Have you met anyone who doesn’t like weekends? Me neither. It’s that part of the week where people take time to unwind, relax and rejuvenate. For me and my family, weekends are that part of the week where we invest quality time in relationship building activities, nurturing friendships, strengthening family ties, revitalizing mind and body and just relishing the goodness of creation and feeling loved. These are usually spent outdoors and in just a while I will be sharing with you four good reasons why you should be giving your kids more time out in nature. Meanwhile, allow me to share with you what our little person’s been up to lately at the farm.
Secret Spaces for Outdoorsy Kids (and Kids at Heart)
This particular weekend our oldest son Luis chose to stay behind at his Grandparents’ as he wasn’t feeling good, and so Anthony and I, together with our outdoorsy son, Jun Edward, headed on to the ranch to see the animals.
Jun Edward, who is just learning to ride a horse on his own, had his favorite steed saddled up and went on border patrol duty. On his way he found four sheep that strayed from the pack. He and Itom led the sheep back to the fold and closed the gate.
They also went to visit the turkey in their new pen. For such a small boy, the enclosure is a gigantic playground with a patch of thick underbrush in the middle where he can crawl under the bushes and pretend it was a tunnel. Anthony and I had a playground like this at his father’s property back when we were in college. No one can tell there was a wide clearing in the middle of the bushes because the entrance was inconspicuously designed. If, in our late teens, we enjoyed that kind of playground, how much more can a six-year-old?
The turkey pen is just one of the spots to visit in the farm. In my previous posts, I mentioned about the endangered Golden-capped Fruit Bats that roost in the area but there is also another special place I nicknamed the Sea of Lotus. It’s a small lake where another group of vulnerable species live – the Philippine Duck, a type of duck endemic to the Philippines and whose population is fast declining. I could not take a photo of these ducks up close since they are a shy type and besides, it’s illegal to catch even one of these creatures as they are protected by law under RA 9147 or the Wildlife Resource Conservation Act. They are also protected in the area as well as hunting is strictly prohibited.
Catching a glimpse of these water birds is another reason for all of us in the family to look forward to weekends.
4 Reasons for You to Take Your Kids Outdoors
Now here are the top four good reasons for you to start taking your kids outdoors now and allow them more time in nature.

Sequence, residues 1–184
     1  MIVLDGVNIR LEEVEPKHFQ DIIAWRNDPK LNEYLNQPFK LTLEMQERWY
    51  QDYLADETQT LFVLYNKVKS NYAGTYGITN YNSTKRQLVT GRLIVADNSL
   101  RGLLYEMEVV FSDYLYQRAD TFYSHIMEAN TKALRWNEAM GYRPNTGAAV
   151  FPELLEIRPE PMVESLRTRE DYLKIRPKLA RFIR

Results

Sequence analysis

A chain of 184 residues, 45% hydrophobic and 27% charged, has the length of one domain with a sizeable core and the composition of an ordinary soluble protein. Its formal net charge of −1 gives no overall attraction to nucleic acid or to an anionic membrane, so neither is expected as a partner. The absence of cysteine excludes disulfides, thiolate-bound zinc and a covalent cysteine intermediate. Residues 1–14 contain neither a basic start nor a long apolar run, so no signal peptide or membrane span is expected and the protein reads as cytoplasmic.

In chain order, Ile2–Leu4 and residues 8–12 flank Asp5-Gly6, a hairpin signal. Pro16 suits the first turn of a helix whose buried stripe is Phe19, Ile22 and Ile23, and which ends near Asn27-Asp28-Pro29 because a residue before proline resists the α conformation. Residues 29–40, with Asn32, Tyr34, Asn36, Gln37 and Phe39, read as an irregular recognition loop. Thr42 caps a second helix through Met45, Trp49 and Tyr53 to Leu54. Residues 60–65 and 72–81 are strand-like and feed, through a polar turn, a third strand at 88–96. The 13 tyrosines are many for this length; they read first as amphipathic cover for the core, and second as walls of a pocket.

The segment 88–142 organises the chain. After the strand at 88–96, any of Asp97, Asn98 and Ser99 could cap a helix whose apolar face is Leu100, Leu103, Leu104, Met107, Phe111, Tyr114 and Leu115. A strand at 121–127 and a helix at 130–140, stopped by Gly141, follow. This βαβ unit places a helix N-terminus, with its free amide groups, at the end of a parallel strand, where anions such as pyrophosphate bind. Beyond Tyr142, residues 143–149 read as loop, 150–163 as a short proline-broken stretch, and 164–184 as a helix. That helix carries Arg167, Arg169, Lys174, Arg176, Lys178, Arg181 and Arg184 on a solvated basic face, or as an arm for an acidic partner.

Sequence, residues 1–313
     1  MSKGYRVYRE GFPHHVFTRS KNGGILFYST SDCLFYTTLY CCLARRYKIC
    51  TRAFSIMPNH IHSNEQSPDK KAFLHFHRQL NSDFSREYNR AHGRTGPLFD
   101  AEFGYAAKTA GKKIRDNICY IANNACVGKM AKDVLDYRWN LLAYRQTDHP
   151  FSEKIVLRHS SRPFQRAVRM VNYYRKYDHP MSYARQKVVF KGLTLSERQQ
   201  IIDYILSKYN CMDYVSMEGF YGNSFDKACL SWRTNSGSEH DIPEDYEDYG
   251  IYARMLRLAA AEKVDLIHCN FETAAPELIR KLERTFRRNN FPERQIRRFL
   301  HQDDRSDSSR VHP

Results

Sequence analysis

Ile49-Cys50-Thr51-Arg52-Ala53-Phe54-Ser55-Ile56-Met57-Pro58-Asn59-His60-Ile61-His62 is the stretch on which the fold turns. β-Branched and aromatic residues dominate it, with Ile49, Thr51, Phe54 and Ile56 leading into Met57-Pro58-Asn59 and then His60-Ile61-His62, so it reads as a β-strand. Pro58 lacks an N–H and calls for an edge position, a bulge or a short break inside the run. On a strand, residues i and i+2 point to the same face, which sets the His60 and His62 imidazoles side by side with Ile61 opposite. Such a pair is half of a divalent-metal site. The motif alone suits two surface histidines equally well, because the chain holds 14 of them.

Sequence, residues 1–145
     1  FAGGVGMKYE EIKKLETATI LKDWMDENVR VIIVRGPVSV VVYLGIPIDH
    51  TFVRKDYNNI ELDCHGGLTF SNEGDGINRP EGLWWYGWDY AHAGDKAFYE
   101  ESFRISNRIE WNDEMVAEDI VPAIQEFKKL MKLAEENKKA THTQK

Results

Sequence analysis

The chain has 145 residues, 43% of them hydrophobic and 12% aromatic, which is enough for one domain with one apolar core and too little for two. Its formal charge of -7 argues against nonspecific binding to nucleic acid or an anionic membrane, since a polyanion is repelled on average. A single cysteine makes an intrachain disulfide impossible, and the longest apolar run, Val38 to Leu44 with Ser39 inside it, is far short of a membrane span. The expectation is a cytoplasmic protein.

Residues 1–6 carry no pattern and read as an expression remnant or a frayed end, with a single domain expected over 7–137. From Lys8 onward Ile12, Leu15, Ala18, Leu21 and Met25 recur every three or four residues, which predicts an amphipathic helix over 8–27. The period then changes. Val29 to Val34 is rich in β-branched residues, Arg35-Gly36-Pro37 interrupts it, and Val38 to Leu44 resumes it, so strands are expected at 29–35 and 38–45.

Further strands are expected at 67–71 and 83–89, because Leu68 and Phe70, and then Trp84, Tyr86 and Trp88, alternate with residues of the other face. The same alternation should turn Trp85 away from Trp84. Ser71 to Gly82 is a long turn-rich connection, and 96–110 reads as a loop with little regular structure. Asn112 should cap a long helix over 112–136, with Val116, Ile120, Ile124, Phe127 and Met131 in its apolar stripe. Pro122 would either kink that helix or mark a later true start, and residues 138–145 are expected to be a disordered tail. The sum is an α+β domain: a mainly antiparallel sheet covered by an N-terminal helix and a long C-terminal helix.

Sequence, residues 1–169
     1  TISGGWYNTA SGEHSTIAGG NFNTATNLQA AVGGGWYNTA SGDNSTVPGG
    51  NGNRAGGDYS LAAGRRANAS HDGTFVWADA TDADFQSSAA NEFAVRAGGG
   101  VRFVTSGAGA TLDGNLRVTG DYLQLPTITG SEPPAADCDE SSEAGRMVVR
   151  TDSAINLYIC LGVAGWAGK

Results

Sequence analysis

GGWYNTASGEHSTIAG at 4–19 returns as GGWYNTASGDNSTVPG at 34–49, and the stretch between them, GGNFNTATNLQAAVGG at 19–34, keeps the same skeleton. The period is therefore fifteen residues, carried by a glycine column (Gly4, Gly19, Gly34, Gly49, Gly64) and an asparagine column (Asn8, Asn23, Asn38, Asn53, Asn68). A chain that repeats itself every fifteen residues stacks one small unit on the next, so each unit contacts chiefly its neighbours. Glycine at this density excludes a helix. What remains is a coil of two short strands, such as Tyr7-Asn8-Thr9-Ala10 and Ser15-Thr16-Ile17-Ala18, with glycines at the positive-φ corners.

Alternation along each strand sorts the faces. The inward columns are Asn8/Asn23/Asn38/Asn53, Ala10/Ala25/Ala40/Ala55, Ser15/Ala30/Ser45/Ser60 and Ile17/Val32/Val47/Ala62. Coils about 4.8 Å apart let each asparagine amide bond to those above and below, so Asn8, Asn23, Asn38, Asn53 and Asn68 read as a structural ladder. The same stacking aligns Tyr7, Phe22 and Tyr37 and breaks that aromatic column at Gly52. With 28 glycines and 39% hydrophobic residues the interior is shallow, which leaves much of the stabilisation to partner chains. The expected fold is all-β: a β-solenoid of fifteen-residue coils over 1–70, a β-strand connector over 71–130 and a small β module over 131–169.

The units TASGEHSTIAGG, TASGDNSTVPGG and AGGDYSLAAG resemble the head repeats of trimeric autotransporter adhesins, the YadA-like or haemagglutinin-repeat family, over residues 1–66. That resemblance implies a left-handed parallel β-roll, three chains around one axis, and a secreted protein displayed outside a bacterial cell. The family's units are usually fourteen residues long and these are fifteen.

No. 1 Children who spend more time outdoors are less likely to be obese. I have to admit that I have actually enjoyed those ready-to-eat breakfasts in easy-open cans, those shove-into-microwave type of snack foods and other junk children love to eat. They may taste good but they are actually making our kids fat. In addition to this horrible diet, there is the sedentary lifestyle. Kids nowadays tend to spend more time indoors with their gadgets.
This is why as much as possible we take them outside to play. This doesn’t mean that we go on with the diet though. An active lifestyle and a healthy choice of food should be sought no matter what. But you know what? I have actually discovered after years of getting my kids to garden that they are more likely to eat the crops they grow with their own hands.
No. 2 Children who are allowed to engage in unstructured play outdoors develop better problem-solving skills, are more focused and self-disciplined.
No. 3 Children who spend more time outside in nature are found to have reduced aggression and increased happiness. In a 2010 article by Jon Henley in theguardian.com he mentioned that these are among the emotional benefits children reap when they are allowed to play outdoors more often.
No. 4 Nature can teach kids things we can’t. In the same article mentioned above, it was said that kids learn not only about the bigger world around them but also about themselves. When left to play on their own, they can actually develop skills we adults can’t simply teach them. For example, climbing a tree or riding a horse can give them valuable lessons and allow them to measure risk for themselves. They may fall, but they get to gain valuable lessons from these experience. We can tell them a million times of the possibilities of falling or describe the pain they will experience, but as we all know, kids are not very good at listening. Developing the ability to measure risk for themselves can come in really handy as they get older and become teenagers – the age when they feel most invincible.